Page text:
And then, the second Mark came through the door and said, “Let me explain,” that’s when she reanimated.

“I’m not interested in anything you have to say,” Gabby said.

And he had the gall to say, “C’mon, Gabby, I deserve a chance to—”

That’s when she threw a magazine at him. I couldn’t blame her. Even I would have started throwing things at him then, when I heard those stupid words come out of his mouth. She started by throwing whatever was nearby. More magazines, a book that was on the coffee table. Then she threw the remote control. It cracked, and the batteries went flying. That’s when Charlemagne and I hightailed it to safer ground.

“Why is there a dog here?” Mark asked. He started scratching his wrists slowly. I don’t even think he knew he was doing it.

“Don’t ask about the fucking dog!” Gabby said. “She was here all night, and you didn’t even notice. So just shut the fuck up about the dog, OK?”

“Gabby, talk to me.”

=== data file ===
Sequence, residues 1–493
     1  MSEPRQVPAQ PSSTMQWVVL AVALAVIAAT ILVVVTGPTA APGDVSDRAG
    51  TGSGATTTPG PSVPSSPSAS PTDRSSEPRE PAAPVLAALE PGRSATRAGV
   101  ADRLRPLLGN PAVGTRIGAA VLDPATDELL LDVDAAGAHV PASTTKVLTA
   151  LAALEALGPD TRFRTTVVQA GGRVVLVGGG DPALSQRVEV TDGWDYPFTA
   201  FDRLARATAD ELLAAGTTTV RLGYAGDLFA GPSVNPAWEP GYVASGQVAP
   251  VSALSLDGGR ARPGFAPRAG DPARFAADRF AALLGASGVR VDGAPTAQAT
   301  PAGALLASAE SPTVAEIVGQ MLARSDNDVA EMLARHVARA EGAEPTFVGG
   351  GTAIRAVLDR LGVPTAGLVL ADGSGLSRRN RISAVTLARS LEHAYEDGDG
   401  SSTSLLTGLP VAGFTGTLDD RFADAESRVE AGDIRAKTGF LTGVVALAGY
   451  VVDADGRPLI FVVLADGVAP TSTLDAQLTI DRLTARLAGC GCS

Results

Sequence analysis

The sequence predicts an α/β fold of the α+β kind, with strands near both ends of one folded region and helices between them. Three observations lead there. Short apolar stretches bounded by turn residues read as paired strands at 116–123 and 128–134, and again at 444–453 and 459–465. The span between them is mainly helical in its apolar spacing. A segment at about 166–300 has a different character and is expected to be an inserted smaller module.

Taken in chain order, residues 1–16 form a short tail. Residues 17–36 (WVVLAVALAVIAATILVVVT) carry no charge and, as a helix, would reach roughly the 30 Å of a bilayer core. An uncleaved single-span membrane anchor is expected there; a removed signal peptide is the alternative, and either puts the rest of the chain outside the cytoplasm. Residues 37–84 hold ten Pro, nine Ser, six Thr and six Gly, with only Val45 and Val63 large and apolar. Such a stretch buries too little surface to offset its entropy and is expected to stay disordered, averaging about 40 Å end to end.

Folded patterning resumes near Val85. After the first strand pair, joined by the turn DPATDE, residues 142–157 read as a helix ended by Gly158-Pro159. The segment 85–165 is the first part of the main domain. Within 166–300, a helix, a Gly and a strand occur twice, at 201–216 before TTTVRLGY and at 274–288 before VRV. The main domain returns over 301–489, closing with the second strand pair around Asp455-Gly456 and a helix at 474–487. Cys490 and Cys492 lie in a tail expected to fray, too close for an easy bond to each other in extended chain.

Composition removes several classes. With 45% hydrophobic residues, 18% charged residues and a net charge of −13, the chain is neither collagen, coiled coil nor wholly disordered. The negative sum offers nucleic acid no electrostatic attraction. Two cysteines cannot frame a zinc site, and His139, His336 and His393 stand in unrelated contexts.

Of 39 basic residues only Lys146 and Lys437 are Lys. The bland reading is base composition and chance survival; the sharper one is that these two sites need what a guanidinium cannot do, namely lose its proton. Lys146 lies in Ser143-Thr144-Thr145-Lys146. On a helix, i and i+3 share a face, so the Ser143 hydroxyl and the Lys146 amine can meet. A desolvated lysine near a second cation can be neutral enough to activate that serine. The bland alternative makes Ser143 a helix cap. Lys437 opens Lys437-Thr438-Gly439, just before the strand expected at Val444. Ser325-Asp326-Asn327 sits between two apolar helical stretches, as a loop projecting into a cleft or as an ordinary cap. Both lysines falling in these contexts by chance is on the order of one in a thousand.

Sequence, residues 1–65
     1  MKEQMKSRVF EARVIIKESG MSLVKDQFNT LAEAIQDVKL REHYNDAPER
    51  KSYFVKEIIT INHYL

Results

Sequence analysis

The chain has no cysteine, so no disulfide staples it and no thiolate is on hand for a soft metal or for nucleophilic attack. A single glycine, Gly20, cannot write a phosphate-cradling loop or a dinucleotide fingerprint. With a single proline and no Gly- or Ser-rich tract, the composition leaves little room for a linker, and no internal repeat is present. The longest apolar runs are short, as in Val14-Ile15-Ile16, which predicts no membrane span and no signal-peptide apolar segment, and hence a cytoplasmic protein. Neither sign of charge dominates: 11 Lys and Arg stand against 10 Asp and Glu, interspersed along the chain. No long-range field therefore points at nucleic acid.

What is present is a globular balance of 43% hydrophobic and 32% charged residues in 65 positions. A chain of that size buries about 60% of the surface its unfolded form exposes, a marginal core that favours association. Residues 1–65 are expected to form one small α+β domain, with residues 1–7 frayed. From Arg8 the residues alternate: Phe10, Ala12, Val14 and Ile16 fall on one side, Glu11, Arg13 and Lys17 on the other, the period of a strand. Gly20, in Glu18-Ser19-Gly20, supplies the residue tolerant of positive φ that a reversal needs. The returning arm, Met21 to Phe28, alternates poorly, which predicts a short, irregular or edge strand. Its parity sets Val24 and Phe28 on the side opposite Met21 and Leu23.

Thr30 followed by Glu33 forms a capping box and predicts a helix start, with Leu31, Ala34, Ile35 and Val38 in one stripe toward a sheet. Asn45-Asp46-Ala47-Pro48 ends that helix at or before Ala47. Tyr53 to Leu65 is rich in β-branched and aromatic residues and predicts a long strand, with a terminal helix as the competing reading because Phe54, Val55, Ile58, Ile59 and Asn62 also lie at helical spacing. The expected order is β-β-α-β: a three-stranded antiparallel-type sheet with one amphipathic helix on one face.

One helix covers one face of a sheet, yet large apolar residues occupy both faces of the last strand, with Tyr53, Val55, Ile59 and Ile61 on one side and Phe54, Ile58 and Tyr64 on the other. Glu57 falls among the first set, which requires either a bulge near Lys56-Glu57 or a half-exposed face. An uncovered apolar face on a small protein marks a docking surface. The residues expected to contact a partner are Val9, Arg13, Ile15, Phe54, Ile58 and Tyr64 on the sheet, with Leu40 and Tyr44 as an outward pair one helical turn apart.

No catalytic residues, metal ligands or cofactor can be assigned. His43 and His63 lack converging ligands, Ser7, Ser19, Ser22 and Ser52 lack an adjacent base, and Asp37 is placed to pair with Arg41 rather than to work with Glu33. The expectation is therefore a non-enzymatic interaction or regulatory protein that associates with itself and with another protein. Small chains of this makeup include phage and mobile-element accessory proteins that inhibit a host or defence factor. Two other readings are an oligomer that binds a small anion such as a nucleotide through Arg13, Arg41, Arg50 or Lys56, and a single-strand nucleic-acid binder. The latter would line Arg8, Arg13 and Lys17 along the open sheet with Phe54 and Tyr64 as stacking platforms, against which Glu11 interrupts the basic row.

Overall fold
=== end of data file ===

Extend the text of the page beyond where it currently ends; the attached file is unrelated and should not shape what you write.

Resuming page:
“Screw you.”

“Why were you at my office today?” he asked her.

“Oh, you’ve got to be kidding me! You’ve got a lot worse problems than how you got caught!”

That’s when she walked into the kitchen and started breaking big stuff. Porcelain stuff.

Which brings us to now.

“Who is she?” Gabby screams.

Mark doesn’t answer. He can’t look at her.

She pauses ever so briefly and looks around at the mess. Her shoulders slump. She can see me off to the side. She catches my eye. “What am I doing?” she says. She doesn’t say it to me or Mark, really. She says it to the room, the house.

I take advantage of the moment and walk, through the shards, to put my arms around her. Mark moves toward us, too.

“No,” I say abruptly and with force. “Don’t you touch her.”

He backs away.

“You’re going to move out,” Gabby says to him as I hold her. I start rubbing her back, trying to soothe her, but she pushes me away. She gathers her strength. “Get your shit and leave,” she says.